Represents a pseudo-random number generator, a device that produces a sequence of numbers that meet certain statistical requirements for randomness.

So the numbers you'll get will be "random enough" even though they aren't actually random. Never mind, let's start.

To create a random generator we just uses the data type Random, like so:

Dim r As New Random

To then get a random positive integer number within the span of an integer value in VB.NET use:

r.Next()

But you have to be careful if you want to generate more then one random number, if you do like this all numbers will be the same:

For i As Integer = 0 To 99

Dim r As New Random

r.Next()

Next

To make them all different you have to do this:

Dim r As New Random

For i As Integer = 0 To 99

r.Next()

Next

Even though we're doing this the 100 numbers will be "random" but if we call the function(or where we now have this code) again, the numbers won't be the same as before but they could look a bit like them(all depending on how often and when we calls the function(or whatever it is) again, but they could look very much the same). So therefor I recommend you to declare it as "unlocal" as you can to get the "most random" result, like this:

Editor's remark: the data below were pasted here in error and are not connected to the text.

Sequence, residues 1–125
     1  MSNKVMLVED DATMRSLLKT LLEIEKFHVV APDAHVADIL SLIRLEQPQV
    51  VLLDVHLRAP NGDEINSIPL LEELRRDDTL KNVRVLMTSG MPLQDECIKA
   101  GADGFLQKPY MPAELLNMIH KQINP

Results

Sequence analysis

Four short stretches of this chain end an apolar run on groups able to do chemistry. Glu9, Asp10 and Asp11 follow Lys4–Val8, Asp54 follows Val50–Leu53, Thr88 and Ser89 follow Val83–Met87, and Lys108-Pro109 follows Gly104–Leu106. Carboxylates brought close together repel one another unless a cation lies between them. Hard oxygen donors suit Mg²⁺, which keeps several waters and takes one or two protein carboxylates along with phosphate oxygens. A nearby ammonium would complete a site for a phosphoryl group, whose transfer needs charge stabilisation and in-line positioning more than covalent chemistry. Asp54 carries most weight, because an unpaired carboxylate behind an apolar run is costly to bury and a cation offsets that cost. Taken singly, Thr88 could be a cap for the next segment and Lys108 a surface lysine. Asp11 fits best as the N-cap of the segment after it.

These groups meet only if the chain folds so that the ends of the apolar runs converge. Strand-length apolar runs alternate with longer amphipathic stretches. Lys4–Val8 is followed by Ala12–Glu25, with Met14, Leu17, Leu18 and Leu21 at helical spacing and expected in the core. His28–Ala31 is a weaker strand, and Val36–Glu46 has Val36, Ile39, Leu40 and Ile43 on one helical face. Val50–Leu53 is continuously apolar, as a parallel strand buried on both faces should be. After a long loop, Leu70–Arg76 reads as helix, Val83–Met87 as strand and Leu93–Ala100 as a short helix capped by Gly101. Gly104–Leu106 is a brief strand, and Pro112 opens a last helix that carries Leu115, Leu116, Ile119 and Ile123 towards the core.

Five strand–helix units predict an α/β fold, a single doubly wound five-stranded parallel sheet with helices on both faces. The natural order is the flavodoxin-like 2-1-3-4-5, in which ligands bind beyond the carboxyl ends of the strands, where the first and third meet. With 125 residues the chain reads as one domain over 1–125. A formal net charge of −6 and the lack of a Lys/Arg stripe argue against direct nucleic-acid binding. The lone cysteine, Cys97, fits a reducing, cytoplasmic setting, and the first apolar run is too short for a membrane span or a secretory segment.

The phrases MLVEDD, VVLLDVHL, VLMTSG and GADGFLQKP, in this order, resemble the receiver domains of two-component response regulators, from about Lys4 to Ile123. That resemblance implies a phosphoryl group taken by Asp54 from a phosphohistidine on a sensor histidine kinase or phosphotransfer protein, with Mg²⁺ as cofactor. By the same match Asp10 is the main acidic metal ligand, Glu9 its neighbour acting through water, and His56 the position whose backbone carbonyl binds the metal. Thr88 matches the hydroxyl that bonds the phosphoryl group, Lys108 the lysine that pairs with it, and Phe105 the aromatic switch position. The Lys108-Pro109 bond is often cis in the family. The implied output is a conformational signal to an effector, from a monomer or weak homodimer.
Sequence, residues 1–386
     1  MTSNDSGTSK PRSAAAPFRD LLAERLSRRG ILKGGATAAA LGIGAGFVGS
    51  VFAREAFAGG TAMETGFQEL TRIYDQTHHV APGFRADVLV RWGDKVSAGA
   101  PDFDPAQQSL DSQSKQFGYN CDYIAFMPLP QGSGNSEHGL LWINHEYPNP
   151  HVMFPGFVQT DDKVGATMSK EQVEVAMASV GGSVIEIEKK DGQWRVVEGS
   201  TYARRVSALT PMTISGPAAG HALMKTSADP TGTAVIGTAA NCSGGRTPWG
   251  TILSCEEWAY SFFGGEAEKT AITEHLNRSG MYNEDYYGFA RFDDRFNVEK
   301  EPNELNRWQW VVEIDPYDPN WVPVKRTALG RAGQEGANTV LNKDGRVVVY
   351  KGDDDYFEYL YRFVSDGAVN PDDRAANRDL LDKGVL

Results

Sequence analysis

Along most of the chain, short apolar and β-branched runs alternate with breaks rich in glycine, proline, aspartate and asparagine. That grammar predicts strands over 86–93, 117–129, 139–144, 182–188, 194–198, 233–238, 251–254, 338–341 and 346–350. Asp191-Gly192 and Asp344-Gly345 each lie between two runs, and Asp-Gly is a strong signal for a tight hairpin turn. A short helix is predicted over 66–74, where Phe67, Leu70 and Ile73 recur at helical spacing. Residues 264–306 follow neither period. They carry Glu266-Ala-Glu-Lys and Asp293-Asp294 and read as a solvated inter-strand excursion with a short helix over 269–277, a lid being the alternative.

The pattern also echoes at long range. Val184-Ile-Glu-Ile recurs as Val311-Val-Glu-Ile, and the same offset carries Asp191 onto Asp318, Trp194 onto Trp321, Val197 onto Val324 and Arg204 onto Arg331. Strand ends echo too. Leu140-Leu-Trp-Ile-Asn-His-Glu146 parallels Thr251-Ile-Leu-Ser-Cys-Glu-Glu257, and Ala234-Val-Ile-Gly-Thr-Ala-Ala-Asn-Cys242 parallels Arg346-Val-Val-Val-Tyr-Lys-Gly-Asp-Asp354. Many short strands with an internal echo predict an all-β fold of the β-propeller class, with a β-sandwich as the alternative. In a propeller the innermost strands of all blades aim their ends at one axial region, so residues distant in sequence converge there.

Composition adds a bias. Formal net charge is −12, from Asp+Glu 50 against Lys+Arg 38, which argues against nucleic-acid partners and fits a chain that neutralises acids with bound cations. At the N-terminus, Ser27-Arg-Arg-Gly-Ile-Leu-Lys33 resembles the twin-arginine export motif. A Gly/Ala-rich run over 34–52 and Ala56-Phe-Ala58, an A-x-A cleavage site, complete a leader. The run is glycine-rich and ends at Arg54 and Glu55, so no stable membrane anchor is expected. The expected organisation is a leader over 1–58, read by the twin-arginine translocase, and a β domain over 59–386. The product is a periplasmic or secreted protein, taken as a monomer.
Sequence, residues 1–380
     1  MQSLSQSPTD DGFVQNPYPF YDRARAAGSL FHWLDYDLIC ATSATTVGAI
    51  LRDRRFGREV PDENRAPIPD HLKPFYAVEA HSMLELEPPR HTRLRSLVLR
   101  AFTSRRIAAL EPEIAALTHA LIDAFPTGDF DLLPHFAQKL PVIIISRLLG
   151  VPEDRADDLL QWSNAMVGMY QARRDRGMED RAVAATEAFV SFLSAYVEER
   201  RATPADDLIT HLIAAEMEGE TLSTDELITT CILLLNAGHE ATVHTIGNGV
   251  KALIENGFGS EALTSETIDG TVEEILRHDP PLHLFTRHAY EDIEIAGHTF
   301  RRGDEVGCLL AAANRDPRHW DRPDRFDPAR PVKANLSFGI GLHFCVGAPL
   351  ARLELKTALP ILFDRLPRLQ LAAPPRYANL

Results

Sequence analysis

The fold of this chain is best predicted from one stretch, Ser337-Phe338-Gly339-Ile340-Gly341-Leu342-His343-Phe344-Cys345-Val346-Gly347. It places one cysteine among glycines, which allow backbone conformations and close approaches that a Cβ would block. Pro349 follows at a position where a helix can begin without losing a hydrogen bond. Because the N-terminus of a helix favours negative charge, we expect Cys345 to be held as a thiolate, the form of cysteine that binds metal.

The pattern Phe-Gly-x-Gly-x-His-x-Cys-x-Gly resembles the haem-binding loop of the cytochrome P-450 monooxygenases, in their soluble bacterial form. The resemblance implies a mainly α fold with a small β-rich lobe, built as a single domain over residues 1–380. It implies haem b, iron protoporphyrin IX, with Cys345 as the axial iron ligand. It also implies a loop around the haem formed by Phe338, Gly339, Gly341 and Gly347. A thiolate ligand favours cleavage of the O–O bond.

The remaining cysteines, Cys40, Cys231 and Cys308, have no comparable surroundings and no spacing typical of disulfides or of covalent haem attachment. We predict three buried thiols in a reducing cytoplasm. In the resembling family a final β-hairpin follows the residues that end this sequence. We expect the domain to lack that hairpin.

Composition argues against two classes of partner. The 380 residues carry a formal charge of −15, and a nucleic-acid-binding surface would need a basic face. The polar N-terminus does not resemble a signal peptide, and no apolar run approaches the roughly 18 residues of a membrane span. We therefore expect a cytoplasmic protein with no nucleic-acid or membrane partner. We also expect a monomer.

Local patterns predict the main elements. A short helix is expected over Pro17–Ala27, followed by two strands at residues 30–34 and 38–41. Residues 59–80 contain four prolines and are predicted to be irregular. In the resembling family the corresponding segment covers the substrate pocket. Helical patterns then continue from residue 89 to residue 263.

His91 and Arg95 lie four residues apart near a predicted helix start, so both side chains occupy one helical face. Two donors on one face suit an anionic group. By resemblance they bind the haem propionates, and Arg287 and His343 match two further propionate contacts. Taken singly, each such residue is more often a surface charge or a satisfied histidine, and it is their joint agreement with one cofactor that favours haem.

Public Class frmMain

Dim r As New Random

Private Sub mySub()

For i As Integer = 0 To 99

r.Next()

Next

End Sub

End Class

An example on this could be an old code I made which took a lot of puzzle pieces and randomized there positions, It added one piece at a random interval too but when I randomized its position I declared a new Random generator each time which resulted in this (It doesn't look so random, right? ):

[ATTACH]2315[/ATTACH]

You can also set a exclusive maximal value the Random Generator can generate, like this:

r.Next(11)

Or both the inclusive minimal value and the exclusive maximal:

r.Next(5, 11)

Or if you want to get a Double value instead on an Integer you can use NextDouble(), then you'll receive a "random" number between 0.0 and 1.0, you can't change the minimal value and maximal value when using NextDouble. So NextDouble simply looks like this:

r.NextDouble()

This was it, remember that none of the random numbers you'll get will be completely random no matter how many times you're using the number generators to get only one number, but they are very often "random enough". Hope you enjoyed this tutorial